Creating in Flow

The world of creativity—with a twist of rationality

How Classy Is Your TV Taste?

Sedate and witty, Brit TV dramas go mainstream in the U.S.

tv remote
What is this world coming to? You can't even be an elitist American lover of British TV anymore. Suddenly some of the good stuff is being carried by super-warehouse Costco.

Used to be I'd get blank looks (or huh?s from some of my Facebook pals) when I'd mention my recent favorite shows, like Garrow's Law, Trial & Retribution, Murphy's Law, and George Gently. While those may not yet be stacked in warehouse aisles between massive packages of underwear and candy, here are some popular titles they do carry (or have carried): Doc Martin, Midsomer Murders, Poirot and Foyle's War. (The latter is brilliant, by the way, even if you don't go catatonic with delight at Michael Kitchen starring in anything.)

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So what's going on with popular taste? It appears to be broadening to include what used to be mainly of interest to Anglophiles. But it's also probably that American commercial television has dumbed down so much, has gotten so full of so-called reality and competition-type shows that those craving crisp scripted drama, and the appearance of real history or real detecting have decided to look to other countries.

And with so many channels, and TiVo, and Netflix, those "other" choices are more available. (To be sure, dopey shows come from Great Britain too, and some Americans adore them, even those with laugh tracks and wit consisting solely of put-downs and embarrassing overacting.)

SOME OF MY FAVES

You may not yet find the following at your local big store (check out Acorn Media for these and many more):

Monroe. Series 1 is just out on DVD, with another series commissioned. I wasn't a House watcher, but James Nesbitt (Murphy's Law) plays a darkly witty and acerbic brain surgeon. The personal lives of the docs and their patients are part of the drama. Despite a couple of odd cinematic choices (some trivial aspect of each change of scene is zeroed in on rather needlessly), it's an engaging, and even educational, series. You'll probably get used to the accents. The first 2-Disc set contains 6 episodes (274 minutes).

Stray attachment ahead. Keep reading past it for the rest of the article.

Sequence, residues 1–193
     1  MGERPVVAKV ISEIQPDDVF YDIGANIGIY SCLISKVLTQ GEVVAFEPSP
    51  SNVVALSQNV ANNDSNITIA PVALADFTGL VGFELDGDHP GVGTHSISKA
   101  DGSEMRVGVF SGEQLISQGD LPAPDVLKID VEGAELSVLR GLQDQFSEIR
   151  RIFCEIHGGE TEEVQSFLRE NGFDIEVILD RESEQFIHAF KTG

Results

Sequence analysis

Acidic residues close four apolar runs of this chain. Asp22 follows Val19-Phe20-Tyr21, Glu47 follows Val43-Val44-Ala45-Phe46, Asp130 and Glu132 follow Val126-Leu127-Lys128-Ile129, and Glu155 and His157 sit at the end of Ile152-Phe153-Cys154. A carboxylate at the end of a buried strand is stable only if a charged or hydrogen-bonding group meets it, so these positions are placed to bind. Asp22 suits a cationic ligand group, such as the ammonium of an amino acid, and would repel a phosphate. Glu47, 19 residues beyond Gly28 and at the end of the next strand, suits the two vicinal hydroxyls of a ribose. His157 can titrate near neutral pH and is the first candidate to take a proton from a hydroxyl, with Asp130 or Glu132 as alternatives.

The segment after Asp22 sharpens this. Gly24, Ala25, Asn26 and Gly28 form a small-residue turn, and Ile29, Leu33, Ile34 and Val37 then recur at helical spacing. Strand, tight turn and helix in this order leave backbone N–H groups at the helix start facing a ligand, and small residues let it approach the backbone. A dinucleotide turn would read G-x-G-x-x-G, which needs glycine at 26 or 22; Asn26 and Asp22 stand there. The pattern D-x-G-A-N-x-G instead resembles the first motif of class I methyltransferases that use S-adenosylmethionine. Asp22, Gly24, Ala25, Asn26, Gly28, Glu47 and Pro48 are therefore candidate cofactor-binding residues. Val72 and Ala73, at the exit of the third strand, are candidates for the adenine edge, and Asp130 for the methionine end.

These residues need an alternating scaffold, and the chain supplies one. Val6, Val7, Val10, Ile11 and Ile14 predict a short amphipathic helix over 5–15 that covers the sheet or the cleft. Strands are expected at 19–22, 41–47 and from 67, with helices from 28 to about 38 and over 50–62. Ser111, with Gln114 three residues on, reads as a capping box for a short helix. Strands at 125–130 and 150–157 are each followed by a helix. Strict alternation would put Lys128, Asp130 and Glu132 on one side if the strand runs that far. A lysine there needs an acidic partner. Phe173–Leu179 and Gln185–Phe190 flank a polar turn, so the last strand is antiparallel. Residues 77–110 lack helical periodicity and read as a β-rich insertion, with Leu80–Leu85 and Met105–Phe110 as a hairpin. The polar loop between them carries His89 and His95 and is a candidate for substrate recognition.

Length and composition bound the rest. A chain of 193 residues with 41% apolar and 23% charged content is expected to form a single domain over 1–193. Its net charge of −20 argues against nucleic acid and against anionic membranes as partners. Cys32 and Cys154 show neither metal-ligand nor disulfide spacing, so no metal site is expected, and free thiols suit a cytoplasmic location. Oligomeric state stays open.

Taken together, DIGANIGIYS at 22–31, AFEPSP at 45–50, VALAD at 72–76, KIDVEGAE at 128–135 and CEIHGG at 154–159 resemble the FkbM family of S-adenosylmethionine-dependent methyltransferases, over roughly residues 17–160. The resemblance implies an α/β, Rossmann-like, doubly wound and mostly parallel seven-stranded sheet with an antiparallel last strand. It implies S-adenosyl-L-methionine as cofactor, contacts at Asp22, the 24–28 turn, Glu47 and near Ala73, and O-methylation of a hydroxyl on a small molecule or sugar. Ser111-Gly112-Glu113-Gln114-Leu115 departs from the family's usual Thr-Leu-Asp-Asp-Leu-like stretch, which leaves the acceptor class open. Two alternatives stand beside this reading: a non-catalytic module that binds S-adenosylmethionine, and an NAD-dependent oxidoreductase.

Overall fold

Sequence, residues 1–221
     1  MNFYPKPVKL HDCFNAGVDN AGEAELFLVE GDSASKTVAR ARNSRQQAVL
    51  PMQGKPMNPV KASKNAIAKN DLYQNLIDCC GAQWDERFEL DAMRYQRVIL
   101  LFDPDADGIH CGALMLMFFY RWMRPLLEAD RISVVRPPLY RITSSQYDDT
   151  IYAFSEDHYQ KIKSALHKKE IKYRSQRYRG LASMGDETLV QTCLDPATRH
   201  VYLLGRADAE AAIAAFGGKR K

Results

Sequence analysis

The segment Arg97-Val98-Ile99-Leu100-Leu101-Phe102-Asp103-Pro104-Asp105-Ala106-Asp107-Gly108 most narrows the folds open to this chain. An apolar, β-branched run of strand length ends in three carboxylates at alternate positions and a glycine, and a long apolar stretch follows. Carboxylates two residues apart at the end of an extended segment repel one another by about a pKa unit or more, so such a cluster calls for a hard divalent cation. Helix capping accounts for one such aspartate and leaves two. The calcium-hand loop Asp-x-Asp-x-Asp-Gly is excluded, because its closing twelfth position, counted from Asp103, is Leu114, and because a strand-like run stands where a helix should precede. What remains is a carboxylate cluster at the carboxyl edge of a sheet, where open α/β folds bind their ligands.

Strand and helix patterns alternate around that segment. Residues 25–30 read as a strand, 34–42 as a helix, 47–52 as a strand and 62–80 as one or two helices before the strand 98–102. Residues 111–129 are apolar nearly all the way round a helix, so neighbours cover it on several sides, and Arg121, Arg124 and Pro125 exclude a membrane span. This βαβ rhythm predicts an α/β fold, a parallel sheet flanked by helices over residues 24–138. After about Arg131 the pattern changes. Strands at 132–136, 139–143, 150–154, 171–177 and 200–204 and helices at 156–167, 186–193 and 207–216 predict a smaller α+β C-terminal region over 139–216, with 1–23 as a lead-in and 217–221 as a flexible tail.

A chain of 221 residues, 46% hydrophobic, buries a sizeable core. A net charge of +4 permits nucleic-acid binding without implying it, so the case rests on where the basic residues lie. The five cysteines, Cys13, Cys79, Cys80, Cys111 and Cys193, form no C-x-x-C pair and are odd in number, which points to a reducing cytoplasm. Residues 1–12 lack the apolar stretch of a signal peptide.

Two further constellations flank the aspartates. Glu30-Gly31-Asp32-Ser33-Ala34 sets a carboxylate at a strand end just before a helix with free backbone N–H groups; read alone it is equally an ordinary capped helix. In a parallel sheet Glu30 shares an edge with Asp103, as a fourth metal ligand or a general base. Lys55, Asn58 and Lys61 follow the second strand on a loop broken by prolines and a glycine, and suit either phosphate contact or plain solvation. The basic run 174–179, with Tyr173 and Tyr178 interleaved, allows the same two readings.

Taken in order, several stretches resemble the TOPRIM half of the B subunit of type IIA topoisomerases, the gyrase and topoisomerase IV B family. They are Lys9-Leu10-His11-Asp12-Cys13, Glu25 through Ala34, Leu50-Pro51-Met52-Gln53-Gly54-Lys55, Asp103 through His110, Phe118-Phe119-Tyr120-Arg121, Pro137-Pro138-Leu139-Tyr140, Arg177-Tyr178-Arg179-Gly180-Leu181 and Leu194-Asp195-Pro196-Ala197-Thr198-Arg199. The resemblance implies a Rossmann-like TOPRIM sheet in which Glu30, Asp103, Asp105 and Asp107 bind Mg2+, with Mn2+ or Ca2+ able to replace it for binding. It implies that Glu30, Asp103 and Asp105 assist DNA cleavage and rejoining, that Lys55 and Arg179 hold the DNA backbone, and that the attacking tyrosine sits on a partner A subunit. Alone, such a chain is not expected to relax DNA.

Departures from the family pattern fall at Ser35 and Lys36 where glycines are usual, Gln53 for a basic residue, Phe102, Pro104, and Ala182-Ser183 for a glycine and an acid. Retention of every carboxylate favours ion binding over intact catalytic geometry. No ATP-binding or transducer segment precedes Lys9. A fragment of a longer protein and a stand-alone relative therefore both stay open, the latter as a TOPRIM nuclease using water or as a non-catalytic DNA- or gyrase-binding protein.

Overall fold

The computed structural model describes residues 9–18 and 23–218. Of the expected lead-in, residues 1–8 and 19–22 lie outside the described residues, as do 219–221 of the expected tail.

George Gently. Martin Shaw plays serious and careful detective Gently in 1960s rural Britain, with his younger easy-going sidekick John Bacchus acted playfully by Lee Ingleby. Series 4 of these full-length mysteries is just out in DVD (July 2012).

Garrow's Law. You won't only watch for the costumes, but for what seems like real history about early court systems (in this case, 18th century England), which had little respect for prisoners' or workers' rights, or women's rights, for that matter. Barrister William Garrow is poor, principled, and appealing. The tentativeness and persistence with which he pursues his love interest is the stuff of many romances of far less quality. Series 3 out in August.

FOR CREATIVE INSPIRATION

Here are two additional DVD sets of particular interest to those who enjoy reading, writing, and thinking about big ideas:

In Their Own Words. Great thinkers and novelists in their own words, featuring archival BBC interviews and recordings of Sigmund Freud, Virginia Woolf, and much more. Boxed set of 6 episodes.

Bill Moyers: A World of Ideas – Writers. Debuting on DVD last year, this 16-episode (and lots of bonuses) 4-volume boxed set features interviews with such diverse and celebrated writers as Toni Morrison, Derek Wolcott, Tom Wolfe, Isaac Asimov, Carlos Fuentes, and many more.

Copyright (c) 2012 by Susan K. Perry

Susan K. Perry, Ph.D., is a social psychologist and author. Her current focus is on the creative aspects of rationality and atheism.

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